M: Did you think at the time it would make any money?
TB: It was very clear upfront I would not make any money – actually, that I would lose money.
M: Wait, you’d lose money?
TB: Yeah, because my hardware isn’t that powerful, so the power consumption to hashing ratio [editor’s note: tech stuff, and yes hashing is a real thing apparently] was nowhere near what the pros were already capable of.
To profitably mine, you need to spend a lot upfront for powerful hardware, and even that is likely a short term gain, because it could become unprofitable to mine again in six months.
M: Do you think people who are finding out more about cryptocurrencies right now should get into it?
TB: Not unless it interests them, since they’re both at such a high point. The last time Bitcoin peaked like this it dropped significantly for the following year. It’s more of a hobby than a money-maker for me. Many people have made plenty of money from Bitcoin though, by investing in the technology at the right time.
M: But… you did make some money. Out of interest, how much did you mine and how much was it worth at the time?
TB: During the six or so weeks I was mining Ethereum, I mined about 0.311 ETH, although they do go to eight decimal places for accuracy. At the time, it was worth $4.86, and I probably spent about four or five hours getting everything set up to start mining.
Right now, the same amount of Ethereum is currently worth $155.
M: So are you going to take the money and run?
TB: No, because it’s never been about the money for me – as I mentioned, it’s more of a hobby, and a technology I wanted to understand. I’ve also got some Bitcoin that I purchased for about $75 that’s now worth $392, and I won’t be selling that either. It’s more about being involved and understanding it for me than it is for the profit… especially since it was never going to be a profitable project to begin with.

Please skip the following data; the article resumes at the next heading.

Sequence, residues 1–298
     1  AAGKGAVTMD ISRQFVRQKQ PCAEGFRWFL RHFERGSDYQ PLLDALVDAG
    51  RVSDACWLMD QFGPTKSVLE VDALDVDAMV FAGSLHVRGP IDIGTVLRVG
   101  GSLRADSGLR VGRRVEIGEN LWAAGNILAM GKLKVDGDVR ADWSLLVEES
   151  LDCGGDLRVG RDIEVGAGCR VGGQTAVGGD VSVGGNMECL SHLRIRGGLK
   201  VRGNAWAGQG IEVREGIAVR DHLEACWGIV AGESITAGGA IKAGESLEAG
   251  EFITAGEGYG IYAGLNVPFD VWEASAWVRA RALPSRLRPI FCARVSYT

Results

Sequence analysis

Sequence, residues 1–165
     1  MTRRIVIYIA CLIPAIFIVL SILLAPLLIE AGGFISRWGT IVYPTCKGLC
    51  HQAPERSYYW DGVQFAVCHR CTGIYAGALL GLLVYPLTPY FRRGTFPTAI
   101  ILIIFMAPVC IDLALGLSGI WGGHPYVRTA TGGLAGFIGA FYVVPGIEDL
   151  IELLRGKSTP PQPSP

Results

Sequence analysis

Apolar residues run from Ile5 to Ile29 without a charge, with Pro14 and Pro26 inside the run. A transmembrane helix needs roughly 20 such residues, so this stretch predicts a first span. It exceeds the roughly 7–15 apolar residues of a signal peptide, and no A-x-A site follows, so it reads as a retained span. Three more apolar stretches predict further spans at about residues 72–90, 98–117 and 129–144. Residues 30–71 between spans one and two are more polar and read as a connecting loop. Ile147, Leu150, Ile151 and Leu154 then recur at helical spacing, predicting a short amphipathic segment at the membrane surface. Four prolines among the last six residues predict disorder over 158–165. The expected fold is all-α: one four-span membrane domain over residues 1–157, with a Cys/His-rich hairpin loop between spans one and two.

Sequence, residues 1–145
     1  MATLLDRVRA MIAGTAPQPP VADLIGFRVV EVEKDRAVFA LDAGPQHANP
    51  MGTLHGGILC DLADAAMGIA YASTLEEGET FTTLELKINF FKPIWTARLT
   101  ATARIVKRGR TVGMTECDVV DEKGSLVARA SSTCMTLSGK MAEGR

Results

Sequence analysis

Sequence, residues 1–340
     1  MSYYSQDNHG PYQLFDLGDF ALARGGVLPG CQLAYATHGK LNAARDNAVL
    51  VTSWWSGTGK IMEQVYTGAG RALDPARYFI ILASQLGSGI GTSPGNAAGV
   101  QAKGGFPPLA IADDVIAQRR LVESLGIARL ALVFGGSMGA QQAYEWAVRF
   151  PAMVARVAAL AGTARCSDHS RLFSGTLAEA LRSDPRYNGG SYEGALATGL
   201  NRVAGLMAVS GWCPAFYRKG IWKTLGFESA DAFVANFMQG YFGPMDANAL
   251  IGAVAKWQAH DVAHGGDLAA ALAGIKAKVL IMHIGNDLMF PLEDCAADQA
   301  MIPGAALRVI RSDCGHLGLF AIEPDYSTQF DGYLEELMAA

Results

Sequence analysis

M: As someone who blogged for a whole year before making a single dollar, I get that. Thanks for agreeing to talk about this, Boyfriend!
TB: You’re welcome. It was passably technical.
So what does any of this have to do with regular people, who likely aren’t going to start mining on the internet, and how we invest our money?
Well first and foremost, to reiterate The Boyfriend, do not go out and buy Bitcoin just because it’s in the news.
Instead, think of Bitcoin like you’d think of any single stock out there.
The people who are most likely to make a zillion percent, or 3089% in The Boyfriend’s case, are the ones who get in early, because they know more than most people about a specific industry, technology or trend that’s taking place.
The Boyfriend has been involved in cryptocurrencies and mining for three years now. Not only is he familiar with the technology and the infrastructure, he went as far as to understand how the currencies are validated by mining his own.
And if you’re at the point where you understand a specific business or industry that well, and you’re involved enough in the industry or community to know when something looks like the hot new thing and be right about it?
Yeah, you should probably invest in it. You stand a better chance of doing well.
Maybe you’re that person about the stock market, and you would spend hours and hours reading about it, and following it, even if you didn’t stand a chance of turning a profit. When you’re that level of interested, you should 100% be involved, and dare I say it – actively manage your portfolio, or part of it.
But if you don’t particularly want to spend hours learning about how to mine cryptocurrencies, or reading financial statements? The net outcome is the same: Don’t invest your money there either.
Robo-advisors will do just fine.
If you want to find out more, Bridget at Money After Graduation did a great explainer video that’s just the right amount of detail for personal-finance folks! And if you’re deeply technical and this was all way too light for you… Sorry friends. This is a money blog.